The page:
Last month Google said that it was tired of mashed-together bug fixes for OpenSSL and decided to create its own fork called BoringSSL. It has now implemented that variant in the latest Chromium build, the open-source software that eventually arrives in Chrome. OpenSSL is software used for secure connections -- created largely by volunteers -- and an overlooked code problem recently caused the infamous Heartbleed bug. When BoringSSL was first announced, there was some grumbling from the security community about yet another flavor of SSL. But Google said that with over 70 patches now in OpenSSL, it was becoming much too unwieldy to implement in Chrome. It added that it wasn't trying to replace OpenSSL and would continue to send any of its own bug fixes to that group. It'll likely be implemented in the next version of Chrome, but you'll be able try the beta soon here, if you're feeling lucky.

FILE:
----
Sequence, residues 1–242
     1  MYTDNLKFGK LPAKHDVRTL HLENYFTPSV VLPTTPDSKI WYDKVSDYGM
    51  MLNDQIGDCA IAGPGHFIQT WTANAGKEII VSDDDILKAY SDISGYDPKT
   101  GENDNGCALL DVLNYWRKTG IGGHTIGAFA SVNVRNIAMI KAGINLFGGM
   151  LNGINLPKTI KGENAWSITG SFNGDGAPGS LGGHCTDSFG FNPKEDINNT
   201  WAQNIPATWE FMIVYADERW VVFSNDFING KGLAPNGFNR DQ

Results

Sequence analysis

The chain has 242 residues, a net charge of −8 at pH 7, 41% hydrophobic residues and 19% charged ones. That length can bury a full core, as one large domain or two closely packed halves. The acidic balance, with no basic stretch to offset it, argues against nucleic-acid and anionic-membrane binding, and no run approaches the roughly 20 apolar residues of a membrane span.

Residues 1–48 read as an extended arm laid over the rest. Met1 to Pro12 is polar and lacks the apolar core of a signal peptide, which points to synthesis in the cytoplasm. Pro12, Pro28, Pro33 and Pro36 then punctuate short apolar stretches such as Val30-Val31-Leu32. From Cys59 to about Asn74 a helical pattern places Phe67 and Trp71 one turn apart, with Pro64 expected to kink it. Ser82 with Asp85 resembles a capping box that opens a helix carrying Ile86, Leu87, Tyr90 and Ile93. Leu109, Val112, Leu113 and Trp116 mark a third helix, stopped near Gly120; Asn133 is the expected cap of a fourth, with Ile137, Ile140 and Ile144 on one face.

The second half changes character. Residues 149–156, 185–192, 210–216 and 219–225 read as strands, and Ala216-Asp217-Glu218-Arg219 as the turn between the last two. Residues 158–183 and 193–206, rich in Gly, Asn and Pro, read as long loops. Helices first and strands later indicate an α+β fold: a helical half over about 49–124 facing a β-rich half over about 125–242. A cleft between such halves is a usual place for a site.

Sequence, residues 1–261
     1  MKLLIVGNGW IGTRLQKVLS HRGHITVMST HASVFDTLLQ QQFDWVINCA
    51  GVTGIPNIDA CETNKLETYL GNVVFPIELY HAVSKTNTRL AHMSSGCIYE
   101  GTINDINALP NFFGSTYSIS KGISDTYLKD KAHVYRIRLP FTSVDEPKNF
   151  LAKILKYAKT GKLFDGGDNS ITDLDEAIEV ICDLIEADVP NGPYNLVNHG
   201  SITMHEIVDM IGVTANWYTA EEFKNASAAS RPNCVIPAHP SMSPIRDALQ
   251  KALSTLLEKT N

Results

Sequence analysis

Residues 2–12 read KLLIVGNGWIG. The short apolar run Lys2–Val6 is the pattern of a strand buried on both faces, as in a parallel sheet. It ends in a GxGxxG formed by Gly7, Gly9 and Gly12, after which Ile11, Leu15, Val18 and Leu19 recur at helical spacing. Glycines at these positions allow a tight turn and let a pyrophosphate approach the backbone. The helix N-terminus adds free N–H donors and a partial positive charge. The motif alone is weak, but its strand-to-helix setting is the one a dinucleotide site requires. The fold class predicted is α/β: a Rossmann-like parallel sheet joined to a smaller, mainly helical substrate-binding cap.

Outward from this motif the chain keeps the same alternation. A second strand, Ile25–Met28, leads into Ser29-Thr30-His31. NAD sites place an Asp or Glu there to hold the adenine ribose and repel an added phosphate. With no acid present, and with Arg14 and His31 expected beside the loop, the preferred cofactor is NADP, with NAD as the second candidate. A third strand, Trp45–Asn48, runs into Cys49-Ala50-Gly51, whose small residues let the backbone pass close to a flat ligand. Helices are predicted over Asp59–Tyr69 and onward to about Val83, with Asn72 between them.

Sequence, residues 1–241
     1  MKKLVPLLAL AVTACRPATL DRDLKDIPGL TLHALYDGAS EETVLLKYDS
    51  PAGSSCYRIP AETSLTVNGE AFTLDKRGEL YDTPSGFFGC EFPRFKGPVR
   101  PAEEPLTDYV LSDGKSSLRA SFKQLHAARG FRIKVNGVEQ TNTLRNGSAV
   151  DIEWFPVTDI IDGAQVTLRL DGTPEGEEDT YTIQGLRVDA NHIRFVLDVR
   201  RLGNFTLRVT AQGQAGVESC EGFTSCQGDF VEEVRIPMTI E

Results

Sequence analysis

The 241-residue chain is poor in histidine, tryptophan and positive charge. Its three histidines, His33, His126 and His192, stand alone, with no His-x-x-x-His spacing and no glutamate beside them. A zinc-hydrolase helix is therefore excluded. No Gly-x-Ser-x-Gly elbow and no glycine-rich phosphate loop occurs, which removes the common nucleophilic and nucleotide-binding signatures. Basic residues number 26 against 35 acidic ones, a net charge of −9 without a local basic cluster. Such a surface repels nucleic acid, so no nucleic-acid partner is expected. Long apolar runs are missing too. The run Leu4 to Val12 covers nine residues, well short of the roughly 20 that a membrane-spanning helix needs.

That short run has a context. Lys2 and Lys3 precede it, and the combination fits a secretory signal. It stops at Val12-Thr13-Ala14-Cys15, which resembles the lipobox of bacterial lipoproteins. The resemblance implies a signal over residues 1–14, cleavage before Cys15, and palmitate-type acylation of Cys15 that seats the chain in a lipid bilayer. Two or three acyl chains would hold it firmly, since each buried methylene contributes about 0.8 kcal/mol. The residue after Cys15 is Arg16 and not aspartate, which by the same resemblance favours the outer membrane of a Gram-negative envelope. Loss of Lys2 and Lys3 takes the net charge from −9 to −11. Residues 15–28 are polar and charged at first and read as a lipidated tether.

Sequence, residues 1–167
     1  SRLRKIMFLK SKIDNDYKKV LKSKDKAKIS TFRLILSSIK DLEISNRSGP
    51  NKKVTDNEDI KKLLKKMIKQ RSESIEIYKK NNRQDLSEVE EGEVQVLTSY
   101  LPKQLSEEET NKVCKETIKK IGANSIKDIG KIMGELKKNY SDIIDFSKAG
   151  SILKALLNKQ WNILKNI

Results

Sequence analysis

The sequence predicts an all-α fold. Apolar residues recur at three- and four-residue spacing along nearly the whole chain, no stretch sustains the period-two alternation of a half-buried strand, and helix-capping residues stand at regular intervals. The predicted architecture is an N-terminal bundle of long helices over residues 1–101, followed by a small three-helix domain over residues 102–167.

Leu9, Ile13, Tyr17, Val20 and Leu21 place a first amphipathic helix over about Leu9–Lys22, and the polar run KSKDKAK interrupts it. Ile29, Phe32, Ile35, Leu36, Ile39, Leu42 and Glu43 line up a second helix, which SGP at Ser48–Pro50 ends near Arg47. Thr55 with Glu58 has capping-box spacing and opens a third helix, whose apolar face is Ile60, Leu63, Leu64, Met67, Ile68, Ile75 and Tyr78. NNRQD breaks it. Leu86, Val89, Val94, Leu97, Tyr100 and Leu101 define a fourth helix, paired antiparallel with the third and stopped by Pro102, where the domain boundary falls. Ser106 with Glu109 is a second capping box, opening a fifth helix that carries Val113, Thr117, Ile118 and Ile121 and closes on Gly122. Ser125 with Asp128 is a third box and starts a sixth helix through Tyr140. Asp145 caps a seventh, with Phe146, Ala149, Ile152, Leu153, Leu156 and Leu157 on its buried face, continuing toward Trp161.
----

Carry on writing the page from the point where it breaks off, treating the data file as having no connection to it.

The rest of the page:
[Image credit: AP/Mark Lennihan]